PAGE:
The Cult of Wesley

Wesley Willis

Wesley Willis died last month, and his passing brings mixed feelings. Not many people know Willis’ name, but he earned a cult following for his naïve, deranged songs that vividly and repetitively captured his state of mind. Sample titles: “I’m Sorry That I Got Fat,” “Cut the Mullet,” “The Vultures Ate My Dead Ass Up,” “I Broke Out Your Windshield,” “Fuck You,” and “Harmony Joy Bus Ride.”

Willis, a paranoid schizophrenic, died at age 40 of leukemia that was diagnosed last year. As my wife properly noted, the dual affliction was a cruel cosmic joke.

That he’s no longer suffering is a good thing. But there’s a part of me that feels a little sick that Willis was mistreated by his “fans” — the people who bought his music (me included) and paid to see him — and exploited. He was, I fear, a circus-sideshow attraction.

Willis was startlingly prolific and generally used only his voice and keyboard on record and live. The songs, to the untrained ear, are nearly identical: They have the same structures, they use the variations on the same backing track, they express a lyrical single-mindedness (to be gentle about it), and they all end with the Wesley signature: “Rock over London, rock on Chicago,” followed by a product slogan (“Diet Pepsi — Uh huh!”). Willis’ malapropisms — such as the use of “suddenly” to describe things that aren’t sudden at all — add an off-kilter charm to his songs.

(If you haven’t heard Willis’ music, sample some of it here. And be sure to check out the Wesley Willis song-generator at the bottom of this page. My wife used it to create this classic Wesley song:

“Bad Dog Ginger”

by Wesley Willis

You can really get in the groove.
You can really jam harder like a magicist.
I like you a lot in the long run.
You can really rock it out.


You are the best in the long run.
You really whoop a snow leopard’s ass.
You really whoop a snow leopard’s ass.
Bad Dog Ginger is very special to me.


I like Bad Dog Ginger a lot.
You really whoop a llama’s ass.
About 33,700 people like Bad Dog Ginger.
Bad Dog Ginger is excellent.

Rock over London,
Rock on Chicago.

Mitsubishi — the word is getting around.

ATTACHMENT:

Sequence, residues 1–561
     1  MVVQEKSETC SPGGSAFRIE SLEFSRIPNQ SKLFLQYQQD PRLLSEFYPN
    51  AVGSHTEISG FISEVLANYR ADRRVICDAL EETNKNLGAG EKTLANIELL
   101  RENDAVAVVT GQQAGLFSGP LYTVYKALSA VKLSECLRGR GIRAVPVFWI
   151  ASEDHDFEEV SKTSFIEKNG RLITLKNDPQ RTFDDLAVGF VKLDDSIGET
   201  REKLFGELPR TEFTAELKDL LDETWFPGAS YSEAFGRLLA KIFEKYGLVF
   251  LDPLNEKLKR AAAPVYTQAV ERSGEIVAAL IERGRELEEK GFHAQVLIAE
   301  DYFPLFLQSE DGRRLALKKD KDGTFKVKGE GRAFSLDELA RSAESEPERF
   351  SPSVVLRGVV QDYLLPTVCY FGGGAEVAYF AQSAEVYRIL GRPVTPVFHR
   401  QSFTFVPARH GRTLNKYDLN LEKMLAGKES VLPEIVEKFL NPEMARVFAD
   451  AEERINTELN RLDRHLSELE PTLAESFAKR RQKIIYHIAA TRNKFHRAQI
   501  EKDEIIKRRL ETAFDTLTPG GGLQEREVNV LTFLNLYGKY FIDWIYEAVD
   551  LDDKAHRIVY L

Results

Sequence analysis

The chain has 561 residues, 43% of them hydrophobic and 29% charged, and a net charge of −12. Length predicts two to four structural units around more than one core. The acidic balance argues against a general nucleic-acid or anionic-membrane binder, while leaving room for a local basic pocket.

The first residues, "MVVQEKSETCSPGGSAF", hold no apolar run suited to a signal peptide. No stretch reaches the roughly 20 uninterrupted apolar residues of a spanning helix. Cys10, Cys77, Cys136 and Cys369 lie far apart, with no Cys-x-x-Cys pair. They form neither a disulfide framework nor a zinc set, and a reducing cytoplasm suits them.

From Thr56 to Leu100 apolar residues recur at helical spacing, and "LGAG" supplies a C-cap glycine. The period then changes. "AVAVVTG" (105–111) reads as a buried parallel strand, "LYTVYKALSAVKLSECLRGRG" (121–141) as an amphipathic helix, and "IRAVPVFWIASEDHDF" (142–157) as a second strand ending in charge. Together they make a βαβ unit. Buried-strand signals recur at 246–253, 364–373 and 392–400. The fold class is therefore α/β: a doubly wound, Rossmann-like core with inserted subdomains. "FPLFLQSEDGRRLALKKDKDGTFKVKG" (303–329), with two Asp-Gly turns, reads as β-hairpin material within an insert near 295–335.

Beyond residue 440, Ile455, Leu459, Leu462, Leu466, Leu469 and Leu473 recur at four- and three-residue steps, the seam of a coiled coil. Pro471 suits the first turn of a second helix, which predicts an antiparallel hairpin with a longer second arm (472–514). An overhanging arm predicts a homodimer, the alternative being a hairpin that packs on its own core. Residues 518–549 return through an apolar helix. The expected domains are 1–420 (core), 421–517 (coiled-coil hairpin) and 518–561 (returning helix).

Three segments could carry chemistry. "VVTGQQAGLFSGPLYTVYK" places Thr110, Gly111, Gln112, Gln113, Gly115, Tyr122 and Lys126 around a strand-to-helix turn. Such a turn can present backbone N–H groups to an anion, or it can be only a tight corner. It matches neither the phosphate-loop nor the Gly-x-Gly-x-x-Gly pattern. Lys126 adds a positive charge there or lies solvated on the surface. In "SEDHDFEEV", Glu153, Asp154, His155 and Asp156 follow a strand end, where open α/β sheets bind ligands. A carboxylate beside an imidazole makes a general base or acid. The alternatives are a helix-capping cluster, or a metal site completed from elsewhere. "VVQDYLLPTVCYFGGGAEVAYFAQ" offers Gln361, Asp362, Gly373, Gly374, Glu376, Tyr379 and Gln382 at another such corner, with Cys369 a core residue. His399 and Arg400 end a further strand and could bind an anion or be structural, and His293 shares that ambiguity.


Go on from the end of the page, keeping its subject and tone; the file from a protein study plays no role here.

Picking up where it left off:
[And, indeed, we like Ginger a lot ... in the long run. Right now is another matter entirely.])

Willis was championed by Jello Biafra (about whom, naturally, Wesley wrote a song) and became something of a celebrity in the indie-rock community. What troubles me is that most if not all of Willis’ status was the result of him being, essentially, a punchline — producing the same song over and over and over and over and head-butting people.

There’s an element of this you’ve-got-to-see-this lure to the over-the-top keyboard metal of Andrew W.K., but with a key difference: Andrew W.K. is (I hope) in on the joke, while Willis was likely oblivious to the real reason people showed up to see him and bought his many albums.

There might be people in the world who think of Willis as an outsider artist, a talent whose rawness masks something profound underneath. But nearly everybody who came to Willis did so for amusement. There are worse epitaphs for an artist than “He Made People Laugh,” but I’m guessing giggles weren’t what Willis wanted from an audience.

My hope is that Wesley got whatever joy his life provided from making and performing music, and that he didn’t see or care that people were laughing at him. Biafra suggests that Willis was so involved in recording his every thought and experience in song that the rest of world didn’t much matter to him. I certainly hope so, because I don’t think we treated him well.

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